Data were complete for all covariates and outcomes, except race (6.6% missing), CPC score at admission (14.6% missing), time of cardiac arrest (0.9% missing), hospital variables (4.5% missing), and CPC score at discharge (14.0% missing). Missing patient-level covariates were assumed to be missing at random and were imputed with the use of multiple imputation.21 Results with and without imputation were not meaningfully different, so only the former are presented. Imputation was not performed for the outcome of CPC score at discharge.

All statistical analyses were conducted with the use of SAS software, version 9.1.3 (SAS Institute), IVEware (University of Michigan), or R software, version 2.6.0 (Free Software Foundation). All hypothesis tests were two-sided, with a significance level of 0.05. 

RESULTS

Patient Characteristics

Among 84,625 patients, the initial cardiac-arrest rhythm was asystole or pulseless electrical activity in 67,135 (79.3%) and ventricular fibrillation or pulseless ventricular tachycardia in 17,490 (20.7%). During the study period, the proportion of cardiac arrests due to asystole or pulseless electrical activity increased from 68.7% in 2000 to 82.4% in 2009 (P<0.001 for trend) (Fig. S1 in theSupplementary Appendix). Table 1 shows temporal trends in patient characteristics, grouped into three time periods. Although there was a calendar-year trend for younger age, less heart disease, and less baseline neurologic disability, the prevalence of septicemia, use of mechanical ventilation, and use of intravenous vasopressors before the arrest event increased over time (P<0.001 for trend for all comparisons).

Survival to Discharge

The overall rate of survival to discharge was 17.0% (14,357 of 84,625 patients). There was a significant trend toward increased survival during the study period for all study patients as well as for both rhythm groups (i.e., those with an initial rhythm of asystole or pulseless electrical activity and those with an initial rhythm of ventricular fibrillation or pulseless ventricular tachycardia) (Figure 2FIGURE 2Unadjusted Rates of Survival to Hospital Discharge by Calendar Year., and Table S3 in the Supplementary Appendix). After adjustment for temporal trends in patient and hospital characteristics, overall survival increased from 13.7% in 2000 to 22.3% in 2009 (adjusted rate ratio per year, 1.04; 95% confidence interval [CI], 1.03 to 1.06; P<0.001 for trend) (Table 2 Trends in Survival and Neurologic Outcomes). Full model results are available in Table S4 in the Supplementary Appendix. The temporal trends in survival were consistent in the two rhythm groups (Table S5 in the Supplementary Appendix) and were similar according to age group (≥65 years vs. <65 years), race (black vs. white), and sex (male vs. female) (P>0.10 for all interactions). Our findings were unchanged when we restricted the analyses to the 85 hospitals (33,464 patients) that participated in the GWTG–Resuscitation registry for at least 8 years (Table S6 in theSupplementary Appendix).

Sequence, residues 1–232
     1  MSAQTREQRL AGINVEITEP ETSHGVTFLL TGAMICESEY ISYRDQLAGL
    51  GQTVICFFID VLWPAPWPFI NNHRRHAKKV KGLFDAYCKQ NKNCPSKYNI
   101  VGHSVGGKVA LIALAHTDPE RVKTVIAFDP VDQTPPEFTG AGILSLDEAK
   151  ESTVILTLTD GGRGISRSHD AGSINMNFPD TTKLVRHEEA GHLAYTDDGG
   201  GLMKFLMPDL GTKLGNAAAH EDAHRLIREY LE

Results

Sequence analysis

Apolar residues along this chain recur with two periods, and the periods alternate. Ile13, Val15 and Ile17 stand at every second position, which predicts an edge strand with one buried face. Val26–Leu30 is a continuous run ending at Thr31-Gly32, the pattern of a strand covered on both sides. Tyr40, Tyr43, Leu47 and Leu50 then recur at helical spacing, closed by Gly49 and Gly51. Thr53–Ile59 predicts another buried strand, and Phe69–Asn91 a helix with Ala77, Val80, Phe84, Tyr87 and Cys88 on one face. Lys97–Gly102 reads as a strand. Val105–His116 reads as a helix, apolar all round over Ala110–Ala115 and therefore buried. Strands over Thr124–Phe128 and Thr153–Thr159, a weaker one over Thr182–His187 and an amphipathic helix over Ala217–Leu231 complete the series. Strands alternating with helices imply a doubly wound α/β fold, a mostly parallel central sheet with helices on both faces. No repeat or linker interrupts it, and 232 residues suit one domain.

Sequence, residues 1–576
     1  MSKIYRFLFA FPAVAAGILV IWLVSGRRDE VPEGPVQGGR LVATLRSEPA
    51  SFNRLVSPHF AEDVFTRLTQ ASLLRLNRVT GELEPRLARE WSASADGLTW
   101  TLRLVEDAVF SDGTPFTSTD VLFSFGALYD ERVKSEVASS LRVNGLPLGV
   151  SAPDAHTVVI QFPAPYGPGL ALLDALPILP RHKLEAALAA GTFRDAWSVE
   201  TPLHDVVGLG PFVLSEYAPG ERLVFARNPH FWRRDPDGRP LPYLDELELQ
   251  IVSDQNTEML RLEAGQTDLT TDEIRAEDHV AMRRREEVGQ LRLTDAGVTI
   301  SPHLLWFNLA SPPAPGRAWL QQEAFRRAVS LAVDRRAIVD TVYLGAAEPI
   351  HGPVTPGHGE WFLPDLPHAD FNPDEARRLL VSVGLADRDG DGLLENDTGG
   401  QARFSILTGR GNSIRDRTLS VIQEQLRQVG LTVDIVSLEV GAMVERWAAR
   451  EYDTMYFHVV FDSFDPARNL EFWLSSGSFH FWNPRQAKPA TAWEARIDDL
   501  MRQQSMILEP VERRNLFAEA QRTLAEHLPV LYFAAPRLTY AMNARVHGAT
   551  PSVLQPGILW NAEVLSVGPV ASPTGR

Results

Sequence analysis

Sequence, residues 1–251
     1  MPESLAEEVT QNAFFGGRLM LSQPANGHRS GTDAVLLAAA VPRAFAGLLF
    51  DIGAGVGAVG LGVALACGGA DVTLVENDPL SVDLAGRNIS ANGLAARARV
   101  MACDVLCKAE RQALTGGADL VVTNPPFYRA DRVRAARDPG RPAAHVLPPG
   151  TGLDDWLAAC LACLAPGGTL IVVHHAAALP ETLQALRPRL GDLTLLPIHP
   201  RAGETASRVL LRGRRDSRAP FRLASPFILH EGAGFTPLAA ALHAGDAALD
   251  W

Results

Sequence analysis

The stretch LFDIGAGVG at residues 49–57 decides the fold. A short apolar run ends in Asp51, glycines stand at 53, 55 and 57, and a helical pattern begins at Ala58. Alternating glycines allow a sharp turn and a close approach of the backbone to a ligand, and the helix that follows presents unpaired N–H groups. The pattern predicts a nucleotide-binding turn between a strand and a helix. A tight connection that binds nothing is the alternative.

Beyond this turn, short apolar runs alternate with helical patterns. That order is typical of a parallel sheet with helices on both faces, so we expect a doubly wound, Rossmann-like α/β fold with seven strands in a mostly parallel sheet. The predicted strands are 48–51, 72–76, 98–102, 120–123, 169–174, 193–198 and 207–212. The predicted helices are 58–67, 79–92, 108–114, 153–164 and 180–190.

Secondary Outcomes

Rates of acute resuscitation survival also improved substantially in the overall cohort, with a risk-adjusted rate of 42.7% in 2000 and 54.1% in 2009 (adjusted rate ratio per year, 1.03; 95% CI, 1.02 to 1.04; P<0.001 for trend) (Table 2). This trend was also significant for both rhythm groups (Table S5 in the Supplementary Appendix). Temporal improvement in postresuscitation survival was somewhat smaller (Table 2, and Table S5 in the Supplementary Appendix). In patients with ventricular fibrillation or pulseless ventricular tachycardia, there was no significant change in time to defibrillation (Fig. S2 in the Supplementary Appendix).

Although rates of survival to discharge increased, rates of clinically significant neurologic disability (CPC score at discharge, >1) among survivors decreased over time in the overall cohort (risk-adjusted rate, 32.9% in 2000 and 28.1% in 2009; adjusted rate ratio per year, 0.98; 95% CI, 0.97 to 1.00; P=0.02 for trend) (Table 2) and in patients with ventricular fibrillation or pulseless ventricular tachycardia (Table S5 in the Supplementary Appendix). Rates of severe neurologic disability (CPC score at discharge, >2), however, did not change significantly over time (Table 2, and Table S5 in the Supplementary Appendix).

 

DISCUSSION

In our study of patients at hospitals participating in a national quality-improvement registry, we found that survival after in-hospital cardiac arrest improved substantially between 2000 and 2009. These gains have been accompanied by a decrease in the rate of clinically significant neurologic disability among survivors. Using a conservative estimate of 200,000 in-hospital cardiac arrests annually in the United States,22 we estimate that an additional 17,200 patients survived to hospital discharge in 2009 as compared with 2000 (on the basis of an 8.6% absolute improvement in risk-adjusted survival during this period). We also estimate that more than 13,000 cases of clinically significant neurologic disability were avoided.